13. Sidorovich says:

    There’s a DS homebrew app in which you can play the first two books – it’s gone a Random Number Generator and everything, it’s brill

    Whilst I applaud the efforts of Project Aon in keeping Lone Wolf alive, I was a tad disappointed that this wasn’t an announcement for a proper Lone Wolf CRPG…..

    Joe Dever was working with Ksatria Gameworks as late as Nov 2008 on another LW game, (looked a bit like Dark Messiah, only worse) but it’s disappeared into the Daziarn…..

    • YogSo says:

      I agree with you: that Dark-Messiah-look-alike Lone Wolf game didn’t look very promising. I think the first two LW books make the perfect template for a great cRPG in the style of Gothic 1/2 or The Witcher, though: third-person real time melee combat with a limited upgrade system, some AI-controlled allies that temporally join the hero here and then, branching dialogues and a semi-open world with an overarching chapter structure:

      Prologue: Fehmarn day, Kai Monastery, sudden attack, massacre, fade to black. (Tutorial mode on) The player regains consciousness, searches for survivors, finds his agonizing old master, is ordered to go to the capital city to warn the King, and is bestowed his new Lone Wolf name (Tutorial mode off).

      Chapter 1: Based on the adventures depicted on Flight From The Dark. An area of play similar in size to the first Gothic. The player is low level, with limited fighting abilities; has to run away from anything more dangerous than a pair of Giaks, search for supplies, hide from the roaming flying Kraans. He can complete some quests (helping the refugees heading south that he meets along the way, defending the mage Banedon, meeting Prince Pelathar and defeating the Gourgaz, etc). The chapter ends when the player reaches Holmgard.

      Chapter 2: After a cinematic scene with the King, Captain D’Val guides the player to the Armoury for a bit of equipment upgrade. This chapters covers everything from the beginning of Fire On The Water until the Green Scepter sunking.

      Chapter 3: The misadventures of LW in the Wildlands and Ragadorn town.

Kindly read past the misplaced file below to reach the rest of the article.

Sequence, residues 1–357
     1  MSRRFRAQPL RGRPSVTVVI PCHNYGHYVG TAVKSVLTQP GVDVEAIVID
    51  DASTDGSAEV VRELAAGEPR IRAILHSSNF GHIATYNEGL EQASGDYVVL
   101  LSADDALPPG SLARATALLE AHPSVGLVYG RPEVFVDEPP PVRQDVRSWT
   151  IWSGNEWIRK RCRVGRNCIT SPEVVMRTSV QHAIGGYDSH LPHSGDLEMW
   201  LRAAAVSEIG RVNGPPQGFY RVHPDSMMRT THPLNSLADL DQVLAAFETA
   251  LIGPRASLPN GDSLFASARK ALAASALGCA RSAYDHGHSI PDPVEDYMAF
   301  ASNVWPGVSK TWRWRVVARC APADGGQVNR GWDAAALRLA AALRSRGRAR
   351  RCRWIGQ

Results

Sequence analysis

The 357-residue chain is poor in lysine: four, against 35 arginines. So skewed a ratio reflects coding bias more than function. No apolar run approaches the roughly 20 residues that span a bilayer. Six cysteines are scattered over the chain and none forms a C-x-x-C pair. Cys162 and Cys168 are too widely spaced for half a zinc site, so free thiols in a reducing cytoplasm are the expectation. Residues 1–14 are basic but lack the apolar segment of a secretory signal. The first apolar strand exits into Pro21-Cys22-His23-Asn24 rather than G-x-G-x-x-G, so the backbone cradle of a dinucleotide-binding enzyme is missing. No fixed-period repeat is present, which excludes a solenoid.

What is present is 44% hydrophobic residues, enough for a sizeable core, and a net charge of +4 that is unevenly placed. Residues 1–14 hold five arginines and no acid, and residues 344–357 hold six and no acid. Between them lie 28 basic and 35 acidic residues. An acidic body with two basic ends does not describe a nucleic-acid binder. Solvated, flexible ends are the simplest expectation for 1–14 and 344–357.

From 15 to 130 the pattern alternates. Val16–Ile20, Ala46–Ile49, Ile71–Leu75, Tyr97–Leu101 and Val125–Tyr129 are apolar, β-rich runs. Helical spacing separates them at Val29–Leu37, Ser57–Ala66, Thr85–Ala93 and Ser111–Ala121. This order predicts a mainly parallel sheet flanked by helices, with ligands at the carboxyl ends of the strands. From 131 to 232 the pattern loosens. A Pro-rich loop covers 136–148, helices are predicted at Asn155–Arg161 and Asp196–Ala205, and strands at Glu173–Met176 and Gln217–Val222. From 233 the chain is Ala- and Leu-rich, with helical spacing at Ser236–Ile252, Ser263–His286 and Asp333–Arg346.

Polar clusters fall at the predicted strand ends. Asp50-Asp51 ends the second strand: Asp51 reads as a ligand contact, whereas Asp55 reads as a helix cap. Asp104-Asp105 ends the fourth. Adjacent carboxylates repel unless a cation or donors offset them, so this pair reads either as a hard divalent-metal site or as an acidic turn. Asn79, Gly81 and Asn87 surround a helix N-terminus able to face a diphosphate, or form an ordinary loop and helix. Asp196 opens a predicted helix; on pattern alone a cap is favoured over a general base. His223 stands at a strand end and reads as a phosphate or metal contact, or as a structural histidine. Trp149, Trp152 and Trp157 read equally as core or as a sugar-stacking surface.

Chapter 4: Port Bax, Lord-lieutenant Rhygar, the Helghasts and the Tarnalin tunnel. LW reaches Hammerdal at last.

      Chapter 5: Sommerswerd time. The journey back. Final showdown against Darklord Zagarna.

      The end? Not yet. Enters the add-on expansion “The Caverns Of Kalte”: new map, new enemies, new abilities, new magical objects. And the conclussion of the story with LW bringing back evil Vonotar the Traitor to stand trial for his crimes.

      It’s a pity it will never happen…

  14. Ginger Yellow says:

    “Note the formal experimentation in merging pictures with the text and the disregard for the conventions of the ellipsis. I’m slightly disturbed to know that my rendering abilities have only decayed in the passing decades.”

    Yes, yes, but what score did you give it?

  15. JackShandy says:

    Oh my gosh there goes my weekend.

  16. Ian says:

    This could be my lunch hour sorted.

  17. R.Hippy says:

    60. Bloodbones did eventually get published in the recent versions. I think there was also another “new” one about a Werewolf, so might count as 61. Fuck I’m sad.

    • R.Hippy says:

      As in 60 FF books…. when Bloodbones finally came out a couple of years back, I did have to exercise a lot of self control to not buy it just to complete the set. In the end, the fact that it wasn’t green and thus would have looked weird on the shelf with the rest of them allowed me to resist.

  18. Comstar says:

    This is amazing. I’ve got all the books and the gameplay is far better than a lot of modern computer games. Much better story too.

  19. cdm says:

    I thought you were talking about Ogami Ittō and Daigorō

  20. Bioptic says:

    Of course Way of the Tiger, despite being the ‘forgotten’ gamebook series, was probably as perfectly an encapsulated interactive story as you could hope for. 6 books, ranging from revenge pursuit to commanding vast armies.

    Also notable for combat taking into account which martial arts move you would be using, and adjusting accordingly.

    link to

    • Kieron Gillen says:

      I always remember the Martial arts pages saying “Don’t do these”.

      We totally did these.


    • leeder_krenon says:

      i would practice those moves off the bunkbed. TEETH OF THE TIGER (both feet wrapped around your opponents head, i believe). way of the tiger was definitely my favourite gamebook series. i also vaguely recollect one where you were in some kind of post apocalyptic mad-max style world, or something. that was pretty cool.

    • Kieron Gillen says:

      That I didn’t break my own or someone else’s neck doing the teeth of the tiger is a testament to the resilience of children.


    • Sobric says:

      Way of the Tiger! Yes! It’s about the only adventure book I’ve read/played (I didn’t even know there was a series), and I loved it! Get the super-kick of the some guy in a cave to defeat the Evil Lord – woo!